JavaFX Tip 12: Define Icons in CSS

When you are a UI developer coming from Swing like me then there is a good chance that you are still setting images / icons directly in your code. Most likely something like this:

import javafx.scene.control.Label;
import javafx.scene.image.ImageView;

public class MyLabel extends Label {

    public MyLabel() {
        setGraphic(new ImageView(MyLabel.class.
            getResource("image.gif").toExternalForm()));
    }
}

ImageExample

In this example the image file is looked up via Class.getResource(), the URL is passed to the constructor of the ImageView node and this node is set as the “graphic” property on the label.

This approach works perfectly well but with JavaFX there is a more elegant way. You can put the image definition into a CSS file, making it easy for your and / or others to replace it (once the marketing department has decided to change the corporate identity once again).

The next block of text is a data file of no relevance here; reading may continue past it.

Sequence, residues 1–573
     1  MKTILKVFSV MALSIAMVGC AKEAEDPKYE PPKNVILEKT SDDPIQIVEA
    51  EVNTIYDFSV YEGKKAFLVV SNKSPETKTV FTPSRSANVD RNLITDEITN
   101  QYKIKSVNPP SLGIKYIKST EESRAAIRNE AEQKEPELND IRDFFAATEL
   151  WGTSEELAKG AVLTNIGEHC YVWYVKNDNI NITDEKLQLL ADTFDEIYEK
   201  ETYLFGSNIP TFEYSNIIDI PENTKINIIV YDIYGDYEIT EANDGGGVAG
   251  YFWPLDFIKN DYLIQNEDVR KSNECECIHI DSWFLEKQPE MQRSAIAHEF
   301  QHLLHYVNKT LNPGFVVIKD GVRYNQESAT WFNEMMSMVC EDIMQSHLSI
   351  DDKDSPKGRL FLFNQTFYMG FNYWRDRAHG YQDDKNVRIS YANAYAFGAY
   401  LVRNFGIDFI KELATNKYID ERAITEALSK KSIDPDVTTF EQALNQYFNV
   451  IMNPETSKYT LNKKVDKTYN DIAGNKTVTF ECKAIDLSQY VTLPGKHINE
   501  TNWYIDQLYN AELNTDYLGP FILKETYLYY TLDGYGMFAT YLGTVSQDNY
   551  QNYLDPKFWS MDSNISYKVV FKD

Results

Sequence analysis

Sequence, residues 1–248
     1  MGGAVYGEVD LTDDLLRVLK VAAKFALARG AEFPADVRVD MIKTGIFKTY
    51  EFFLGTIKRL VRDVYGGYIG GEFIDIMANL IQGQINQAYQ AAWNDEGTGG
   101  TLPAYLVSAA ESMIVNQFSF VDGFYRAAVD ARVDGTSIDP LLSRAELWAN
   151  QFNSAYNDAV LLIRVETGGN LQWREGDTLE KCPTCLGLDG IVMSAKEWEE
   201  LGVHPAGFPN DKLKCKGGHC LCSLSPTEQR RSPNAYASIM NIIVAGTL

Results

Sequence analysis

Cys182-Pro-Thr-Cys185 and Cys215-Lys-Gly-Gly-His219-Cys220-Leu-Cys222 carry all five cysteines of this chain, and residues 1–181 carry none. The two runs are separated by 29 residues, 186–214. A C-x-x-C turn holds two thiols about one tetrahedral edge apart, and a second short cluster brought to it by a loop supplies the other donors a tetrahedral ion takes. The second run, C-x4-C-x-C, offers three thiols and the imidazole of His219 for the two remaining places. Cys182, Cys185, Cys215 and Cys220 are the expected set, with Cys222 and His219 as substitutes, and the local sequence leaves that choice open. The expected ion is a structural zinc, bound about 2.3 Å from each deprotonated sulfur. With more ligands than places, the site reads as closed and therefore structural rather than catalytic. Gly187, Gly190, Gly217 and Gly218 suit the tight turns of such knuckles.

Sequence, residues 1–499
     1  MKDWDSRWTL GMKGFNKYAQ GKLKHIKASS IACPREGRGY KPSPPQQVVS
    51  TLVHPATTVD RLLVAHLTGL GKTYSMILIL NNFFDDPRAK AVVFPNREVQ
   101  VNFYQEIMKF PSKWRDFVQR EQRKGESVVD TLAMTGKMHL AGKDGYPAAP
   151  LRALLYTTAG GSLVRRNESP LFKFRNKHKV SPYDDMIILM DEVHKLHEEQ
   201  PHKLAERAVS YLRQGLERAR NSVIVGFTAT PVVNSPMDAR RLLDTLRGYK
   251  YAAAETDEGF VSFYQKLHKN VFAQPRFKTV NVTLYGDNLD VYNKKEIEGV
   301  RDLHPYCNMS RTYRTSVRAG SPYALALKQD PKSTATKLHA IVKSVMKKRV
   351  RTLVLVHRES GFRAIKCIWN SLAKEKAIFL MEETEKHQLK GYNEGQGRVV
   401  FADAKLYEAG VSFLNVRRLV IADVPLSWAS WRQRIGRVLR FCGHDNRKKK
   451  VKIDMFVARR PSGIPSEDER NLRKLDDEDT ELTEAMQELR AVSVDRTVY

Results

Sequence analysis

The same result as above can be achieved this way:

import javafx.scene.control.Label;

public class CSSLabel extends Label {

    public CSSLabel() {
        getStyleClass().add("folder-icon");
    }
}

Now you obviously need a CSS file as well:

.folder-icon {
	-fx-graphic: url("image.gif");
}

And in your application you need to add the stylesheet to your scene graph. Here we are adding it to the scene.

import javafx.application.Application;
import javafx.geometry.Pos;
import javafx.scene.Scene;
import javafx.stage.Stage;

public class MyApplication extends Application {

	public void start(Stage primaryStage) throws 
		                             Exception {
		CSSLabel label = new CSSLabel();
		label.setText("Folder");
		label.setAlignment(Pos.CENTER);
		
		Scene scene = new Scene(label);
		scene.getStylesheets().add(MyApplication.class.
		      getResource("test.css").toExternalForm());
		
		primaryStage.setScene(scene);
		
		primaryStage.setTitle("Image Example");
		primaryStage.setWidth(250);
		primaryStage.setHeight(100);
		primaryStage.show();
	}

	public static void main(String[] args) {
		launch(args);
	}
}

With this approach you have a clean separation of your controls and their apperance and you allow for easy customization as well.

JavaFX Tip 11: Updating Read-Only Properties